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Best Friends Don’t Lie: How to Know When to Let Him Go

Written by Vibhu Gairola

Not everyone uses the term “best friend,” but most people have some version of one. The person that usually understands you (but is still supportive when they don’t); the one who’s honest with you even when it’s not what you want to hear. There’s an indefinable quality to a true friend, but for the most part, one golden rule exists — they’re the ones you’ll want to call the minute anything really great or completely awful happens.

These are the folks you talk to for clarity on almost any topic except your love life. (In that situation, it’s usually more effective to speak to the person you’re loving at the time.) But if the person you’re dating is a constant bother and you can’t stop discussing them with your best friend, you might need to take the hint and consider whether the new beau is honestly worth the hassle. Best friends are honest, even when they want to let you make your own decisions; you just have to be reading the signs.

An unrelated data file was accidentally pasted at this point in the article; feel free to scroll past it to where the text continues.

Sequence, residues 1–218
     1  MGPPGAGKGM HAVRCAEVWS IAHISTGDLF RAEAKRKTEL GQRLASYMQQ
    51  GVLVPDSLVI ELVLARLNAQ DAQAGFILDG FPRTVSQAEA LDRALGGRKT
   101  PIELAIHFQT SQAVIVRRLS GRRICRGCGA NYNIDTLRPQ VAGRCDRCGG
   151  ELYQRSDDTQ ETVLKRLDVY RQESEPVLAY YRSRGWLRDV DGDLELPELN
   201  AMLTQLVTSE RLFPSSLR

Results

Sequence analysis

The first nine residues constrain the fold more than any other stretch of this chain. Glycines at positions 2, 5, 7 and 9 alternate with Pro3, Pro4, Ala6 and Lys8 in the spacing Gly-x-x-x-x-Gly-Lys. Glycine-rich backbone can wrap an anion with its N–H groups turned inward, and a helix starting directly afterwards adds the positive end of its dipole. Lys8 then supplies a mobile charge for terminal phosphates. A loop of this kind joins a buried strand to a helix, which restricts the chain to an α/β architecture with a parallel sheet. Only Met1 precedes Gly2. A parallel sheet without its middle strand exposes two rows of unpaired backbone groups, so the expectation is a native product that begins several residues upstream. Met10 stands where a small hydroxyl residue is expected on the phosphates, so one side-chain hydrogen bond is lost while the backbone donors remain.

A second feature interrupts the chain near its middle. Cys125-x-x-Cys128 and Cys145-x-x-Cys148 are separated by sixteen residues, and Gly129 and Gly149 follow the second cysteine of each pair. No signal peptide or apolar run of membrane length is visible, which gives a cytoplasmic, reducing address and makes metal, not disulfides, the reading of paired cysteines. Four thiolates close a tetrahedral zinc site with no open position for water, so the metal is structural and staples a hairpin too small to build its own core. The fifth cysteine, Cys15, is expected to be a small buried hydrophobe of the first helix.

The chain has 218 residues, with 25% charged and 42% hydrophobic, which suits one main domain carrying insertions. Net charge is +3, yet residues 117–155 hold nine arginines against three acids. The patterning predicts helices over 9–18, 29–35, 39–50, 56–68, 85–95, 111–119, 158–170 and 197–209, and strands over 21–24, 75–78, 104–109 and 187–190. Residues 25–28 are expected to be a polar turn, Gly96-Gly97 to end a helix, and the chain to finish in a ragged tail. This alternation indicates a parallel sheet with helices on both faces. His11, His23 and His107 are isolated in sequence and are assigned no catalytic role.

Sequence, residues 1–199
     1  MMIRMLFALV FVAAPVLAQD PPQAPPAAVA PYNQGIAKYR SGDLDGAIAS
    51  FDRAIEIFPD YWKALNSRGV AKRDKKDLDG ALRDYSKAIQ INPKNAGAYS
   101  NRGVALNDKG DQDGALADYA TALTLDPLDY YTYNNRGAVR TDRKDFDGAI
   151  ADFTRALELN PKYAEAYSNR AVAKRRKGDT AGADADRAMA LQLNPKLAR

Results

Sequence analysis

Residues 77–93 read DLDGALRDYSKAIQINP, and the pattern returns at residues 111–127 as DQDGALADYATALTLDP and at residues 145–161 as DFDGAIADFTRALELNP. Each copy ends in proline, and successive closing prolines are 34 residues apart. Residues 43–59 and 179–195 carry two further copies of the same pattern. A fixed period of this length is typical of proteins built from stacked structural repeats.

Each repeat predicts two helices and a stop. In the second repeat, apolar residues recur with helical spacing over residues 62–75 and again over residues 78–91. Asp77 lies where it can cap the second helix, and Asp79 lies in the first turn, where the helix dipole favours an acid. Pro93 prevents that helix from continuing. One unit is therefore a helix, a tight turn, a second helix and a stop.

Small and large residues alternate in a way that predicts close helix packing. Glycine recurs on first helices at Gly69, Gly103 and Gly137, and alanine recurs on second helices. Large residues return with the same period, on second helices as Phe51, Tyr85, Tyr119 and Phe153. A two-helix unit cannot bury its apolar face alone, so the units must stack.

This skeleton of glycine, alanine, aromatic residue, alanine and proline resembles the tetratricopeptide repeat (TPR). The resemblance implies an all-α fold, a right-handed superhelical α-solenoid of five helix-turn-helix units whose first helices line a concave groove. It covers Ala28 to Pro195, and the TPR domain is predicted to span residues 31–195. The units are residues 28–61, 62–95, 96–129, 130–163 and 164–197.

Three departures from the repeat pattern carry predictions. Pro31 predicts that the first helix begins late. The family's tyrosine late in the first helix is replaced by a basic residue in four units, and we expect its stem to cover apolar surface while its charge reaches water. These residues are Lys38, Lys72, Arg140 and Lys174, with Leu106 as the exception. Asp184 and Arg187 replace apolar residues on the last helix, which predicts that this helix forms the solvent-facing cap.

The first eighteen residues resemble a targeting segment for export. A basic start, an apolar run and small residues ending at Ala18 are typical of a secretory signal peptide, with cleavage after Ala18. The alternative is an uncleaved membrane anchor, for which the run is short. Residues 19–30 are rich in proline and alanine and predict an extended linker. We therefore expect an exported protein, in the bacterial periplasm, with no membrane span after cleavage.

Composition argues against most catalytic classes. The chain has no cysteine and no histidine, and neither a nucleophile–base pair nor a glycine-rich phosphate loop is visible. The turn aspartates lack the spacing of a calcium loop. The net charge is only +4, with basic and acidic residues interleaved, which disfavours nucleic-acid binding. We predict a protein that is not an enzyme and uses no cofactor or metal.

“Again?”

Pay attention to this word — if it comes up too regularly in separate conversations about your latest squabbles with the new boyfriend, that means something. Of course, what is being argued about is important, but the fact that you’re quarrelling that much in itself is a sign, don’t you think? Your best friend saying, “again?” in response to you telling them about a new fight is a reminder that a pattern is emerging between you and the person you’re dating. The problem isn’t that you and this new beau are constantly fighting about the same things; the question is, is that what you want?

“What about what you want, though?”